If kitchen islands approximated real geography, this one would be not a tiny atoll but something closer to Australia. It?s large enough for seating as well as food preparation and conceals appliances ? a small beverage refrigerator and microwave ? and tons of storage on all four sides.

Gunn?s favorite elements are the small, 30-inch Wolf Range with snazzy red knobs for a pop of bright color.

?I love it so much I kiss it,? she says with a smile. ?Just look at it. It?s the cutest piece. So stylish and adorable and beautiful.?

Of the two, Gunn is more the cook. She finds herself preparing pastas, salads, fish tacos and other high-fuel foods for Leipheimer, who needs to pump 6,000 calories some days into his compact 5-foot, 7-inch frame to keep going. A vegetarian herself, she also whips up home-made vittles for her many animals, full meals of chicken and broccoli and rice or sweet potatoes.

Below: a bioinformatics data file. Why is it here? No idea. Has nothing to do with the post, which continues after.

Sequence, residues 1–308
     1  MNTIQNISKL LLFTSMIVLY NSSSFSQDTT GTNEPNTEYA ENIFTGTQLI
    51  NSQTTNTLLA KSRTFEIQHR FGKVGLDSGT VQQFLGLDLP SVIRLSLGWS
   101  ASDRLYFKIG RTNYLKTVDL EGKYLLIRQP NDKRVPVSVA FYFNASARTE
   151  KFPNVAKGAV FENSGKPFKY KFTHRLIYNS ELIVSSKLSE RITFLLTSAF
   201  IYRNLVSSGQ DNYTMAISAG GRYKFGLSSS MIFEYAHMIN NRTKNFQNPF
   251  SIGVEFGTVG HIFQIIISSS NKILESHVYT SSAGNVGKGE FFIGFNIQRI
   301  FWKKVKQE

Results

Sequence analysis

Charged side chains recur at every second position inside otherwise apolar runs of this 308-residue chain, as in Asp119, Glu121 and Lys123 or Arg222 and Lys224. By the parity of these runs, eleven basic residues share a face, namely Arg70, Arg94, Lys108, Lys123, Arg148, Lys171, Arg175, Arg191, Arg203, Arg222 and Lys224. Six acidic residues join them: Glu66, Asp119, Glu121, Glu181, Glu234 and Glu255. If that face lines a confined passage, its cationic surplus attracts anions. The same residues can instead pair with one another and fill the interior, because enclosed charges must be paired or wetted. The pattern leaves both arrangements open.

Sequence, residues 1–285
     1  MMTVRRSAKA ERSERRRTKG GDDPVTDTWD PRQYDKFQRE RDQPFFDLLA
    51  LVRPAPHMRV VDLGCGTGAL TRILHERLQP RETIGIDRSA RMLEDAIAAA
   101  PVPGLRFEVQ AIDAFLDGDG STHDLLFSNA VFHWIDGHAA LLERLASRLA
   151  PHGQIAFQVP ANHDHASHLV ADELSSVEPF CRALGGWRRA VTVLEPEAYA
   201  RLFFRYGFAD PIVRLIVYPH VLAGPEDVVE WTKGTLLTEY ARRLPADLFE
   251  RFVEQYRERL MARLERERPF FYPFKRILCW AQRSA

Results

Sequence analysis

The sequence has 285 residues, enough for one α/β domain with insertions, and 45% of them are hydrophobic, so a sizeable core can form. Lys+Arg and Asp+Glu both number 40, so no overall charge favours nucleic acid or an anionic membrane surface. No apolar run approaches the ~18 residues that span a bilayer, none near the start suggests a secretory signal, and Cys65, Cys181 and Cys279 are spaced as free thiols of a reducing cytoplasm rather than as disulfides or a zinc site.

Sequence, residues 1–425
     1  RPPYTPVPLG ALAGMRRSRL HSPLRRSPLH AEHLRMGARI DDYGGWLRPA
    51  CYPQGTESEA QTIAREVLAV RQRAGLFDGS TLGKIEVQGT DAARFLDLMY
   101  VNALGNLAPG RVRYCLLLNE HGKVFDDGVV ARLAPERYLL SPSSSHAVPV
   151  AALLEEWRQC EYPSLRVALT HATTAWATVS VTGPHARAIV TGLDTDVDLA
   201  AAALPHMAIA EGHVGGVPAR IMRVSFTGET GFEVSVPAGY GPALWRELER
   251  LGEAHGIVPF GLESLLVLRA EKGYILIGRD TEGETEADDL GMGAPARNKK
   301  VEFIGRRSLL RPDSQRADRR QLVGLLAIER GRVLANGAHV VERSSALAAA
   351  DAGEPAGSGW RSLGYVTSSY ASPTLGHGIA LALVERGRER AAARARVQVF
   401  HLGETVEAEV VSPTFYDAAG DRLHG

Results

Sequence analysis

Finding the wood beams for the ceiling was the best part of the project. Not just any would do. Gunn wanted the salvaged wood to have a story. They traveled down to Heritage Salvage in Petaluma several times looking for just the right ones. What they settled on was old fir reclaimed from the old Ice Harbor Dam in Washington. The sliding pantry door was milled from wood recycled from a water tank at Dominican College in San Rafael.

Boyle and Brandwein made small changes in the layout of the room to make it more spacious and functional, like removing a large glass-doored cabinet that consumed one wall. That freed up more space for the island.

Leipheimer and Gunn spend too much time on the road to entertain frequently, but they like to throw open their doors to friends a couple of times a year. That may well mean another holiday party, to really put Gunn?s stove to good use.

Said Leipheimer with a grin, ?It will be nicer to have it with this kitchen.?

<em>You can reach Staff Writer Meg McConahey at meg.mmcconahey@pressdemocrat.com or 521-5204.</em>